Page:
ULTRASONIC PHASED ARRAY SIMULATIONS OF WELDED COMPONENTS AT NASA
D. J. Roth1, R. P. Tokars1, R. E. Martin2, R. W. Rauser,3 J.C. Aldrin4 1NASA Glenn Research Center, Cleveland, OH 44135 2Cleveland State University, Cleveland, OH 44115 3University of Toledo, Toledo, OH 2368143606 4Computational Tools, Inc., Gurnee, IL 60031
ABSTRACT. Comprehensive and accurate inspections of welded components have become of increasing importance as NASA develops new hardware such as Ares rocket segments for future exploration missions. Simulation and modeling will play an increasing role in the future for nondestructive evaluation in order to better understand the physics of the inspection process, to prove or disprove the feasibility for an inspection method or inspection scenario, for inspection optimization, for better understanding of experimental results, and for assessment of probability of detection. This study presents simulation and experimental results for an ultrasonic phased array inspection of a critical welded structure important for NASA future exploration vehicles. Keywords: nondestructive evaluation, computational simulation, ultrasonics, weld, modeling, phased array PACS: 81.70.Ex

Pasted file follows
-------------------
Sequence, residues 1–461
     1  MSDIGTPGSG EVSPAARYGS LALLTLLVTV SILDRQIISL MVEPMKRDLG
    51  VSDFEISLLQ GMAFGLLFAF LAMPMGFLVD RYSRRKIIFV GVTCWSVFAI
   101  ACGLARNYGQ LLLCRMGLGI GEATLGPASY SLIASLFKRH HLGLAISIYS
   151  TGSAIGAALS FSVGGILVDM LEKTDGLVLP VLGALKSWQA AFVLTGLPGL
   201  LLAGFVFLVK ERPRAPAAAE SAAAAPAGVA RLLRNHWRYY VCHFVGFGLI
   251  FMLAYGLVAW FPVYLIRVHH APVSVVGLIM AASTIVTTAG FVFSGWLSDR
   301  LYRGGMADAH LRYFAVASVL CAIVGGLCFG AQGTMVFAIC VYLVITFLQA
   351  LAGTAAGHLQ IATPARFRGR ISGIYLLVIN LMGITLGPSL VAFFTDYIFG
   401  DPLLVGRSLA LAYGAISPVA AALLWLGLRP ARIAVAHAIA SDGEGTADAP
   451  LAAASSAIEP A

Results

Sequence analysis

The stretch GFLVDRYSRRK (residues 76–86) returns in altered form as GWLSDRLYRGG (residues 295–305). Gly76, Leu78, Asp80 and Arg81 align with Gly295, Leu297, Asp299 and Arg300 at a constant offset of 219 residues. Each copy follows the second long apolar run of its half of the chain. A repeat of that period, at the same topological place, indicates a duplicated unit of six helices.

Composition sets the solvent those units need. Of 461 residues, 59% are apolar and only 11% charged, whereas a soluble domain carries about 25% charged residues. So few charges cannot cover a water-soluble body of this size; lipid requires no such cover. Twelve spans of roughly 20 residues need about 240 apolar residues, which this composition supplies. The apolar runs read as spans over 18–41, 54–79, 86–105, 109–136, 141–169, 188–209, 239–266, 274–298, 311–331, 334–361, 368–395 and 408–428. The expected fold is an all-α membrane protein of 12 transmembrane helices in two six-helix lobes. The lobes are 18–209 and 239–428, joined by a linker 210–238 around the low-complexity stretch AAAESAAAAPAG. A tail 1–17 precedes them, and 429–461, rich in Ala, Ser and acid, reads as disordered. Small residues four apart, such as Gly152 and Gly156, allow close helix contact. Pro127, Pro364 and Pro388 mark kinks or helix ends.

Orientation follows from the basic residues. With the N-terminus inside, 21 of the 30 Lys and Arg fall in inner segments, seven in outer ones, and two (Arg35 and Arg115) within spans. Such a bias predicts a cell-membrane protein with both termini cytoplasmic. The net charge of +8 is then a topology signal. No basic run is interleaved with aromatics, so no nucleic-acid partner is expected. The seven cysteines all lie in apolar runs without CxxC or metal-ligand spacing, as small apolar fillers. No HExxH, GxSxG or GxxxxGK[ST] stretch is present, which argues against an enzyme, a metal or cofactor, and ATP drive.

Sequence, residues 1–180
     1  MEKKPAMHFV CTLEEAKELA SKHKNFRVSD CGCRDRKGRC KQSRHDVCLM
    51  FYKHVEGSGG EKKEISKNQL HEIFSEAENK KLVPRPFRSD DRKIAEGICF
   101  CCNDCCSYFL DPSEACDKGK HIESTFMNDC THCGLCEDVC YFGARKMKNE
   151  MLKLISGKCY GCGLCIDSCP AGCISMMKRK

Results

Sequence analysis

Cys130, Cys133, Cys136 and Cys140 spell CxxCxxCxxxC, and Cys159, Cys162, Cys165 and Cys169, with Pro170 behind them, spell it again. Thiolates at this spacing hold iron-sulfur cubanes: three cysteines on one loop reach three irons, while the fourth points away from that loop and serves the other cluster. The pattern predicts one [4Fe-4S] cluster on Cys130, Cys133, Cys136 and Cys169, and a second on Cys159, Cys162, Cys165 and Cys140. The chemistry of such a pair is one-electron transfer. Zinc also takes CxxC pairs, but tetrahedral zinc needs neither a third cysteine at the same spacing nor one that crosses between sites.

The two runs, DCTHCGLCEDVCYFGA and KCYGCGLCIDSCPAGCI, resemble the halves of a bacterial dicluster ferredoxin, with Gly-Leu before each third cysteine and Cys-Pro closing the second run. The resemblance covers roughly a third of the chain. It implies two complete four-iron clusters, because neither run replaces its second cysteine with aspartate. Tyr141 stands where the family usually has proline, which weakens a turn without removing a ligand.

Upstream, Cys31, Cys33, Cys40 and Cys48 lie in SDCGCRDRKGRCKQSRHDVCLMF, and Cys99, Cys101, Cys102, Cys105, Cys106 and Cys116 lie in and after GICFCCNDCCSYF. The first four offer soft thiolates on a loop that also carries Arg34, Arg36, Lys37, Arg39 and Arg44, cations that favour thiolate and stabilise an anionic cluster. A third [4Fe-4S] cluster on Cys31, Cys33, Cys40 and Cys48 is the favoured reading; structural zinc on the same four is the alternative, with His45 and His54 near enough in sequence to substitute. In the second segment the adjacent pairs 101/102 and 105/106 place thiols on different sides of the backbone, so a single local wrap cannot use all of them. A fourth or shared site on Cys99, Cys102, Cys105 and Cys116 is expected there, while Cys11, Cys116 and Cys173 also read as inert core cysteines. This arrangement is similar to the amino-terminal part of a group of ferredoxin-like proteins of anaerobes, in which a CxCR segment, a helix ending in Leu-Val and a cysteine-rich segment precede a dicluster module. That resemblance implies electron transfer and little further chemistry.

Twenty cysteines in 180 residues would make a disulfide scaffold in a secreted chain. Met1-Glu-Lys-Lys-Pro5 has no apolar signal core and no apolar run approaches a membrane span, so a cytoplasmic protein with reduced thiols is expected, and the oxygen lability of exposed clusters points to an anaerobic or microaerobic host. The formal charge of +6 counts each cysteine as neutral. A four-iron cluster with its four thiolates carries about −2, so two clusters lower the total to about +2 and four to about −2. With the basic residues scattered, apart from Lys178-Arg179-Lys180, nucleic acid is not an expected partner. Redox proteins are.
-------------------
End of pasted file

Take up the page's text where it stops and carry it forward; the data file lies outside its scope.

As NASAs Constellation Program proceeds to develop new crew and launch vehicles, many inspection and nondestructive evaluation challenges will be encountered. Ultrasonic testing will play a role in the inspections of space flight hardware such as beams, welds, lugs, and other critical structures. NASA Glenn Research Center is involved in building the upper stage simulator (USS) for the Ares 1-X test rocket scheduled to launch in 2009. The upper stage is composed of multiple USS segments that will be stacked and attached to each other. The USS segments have critical welds that attach the skin half-cylinders, flange portions, and the skin to the flange. In this study, the skin-to-flange weld is of concern.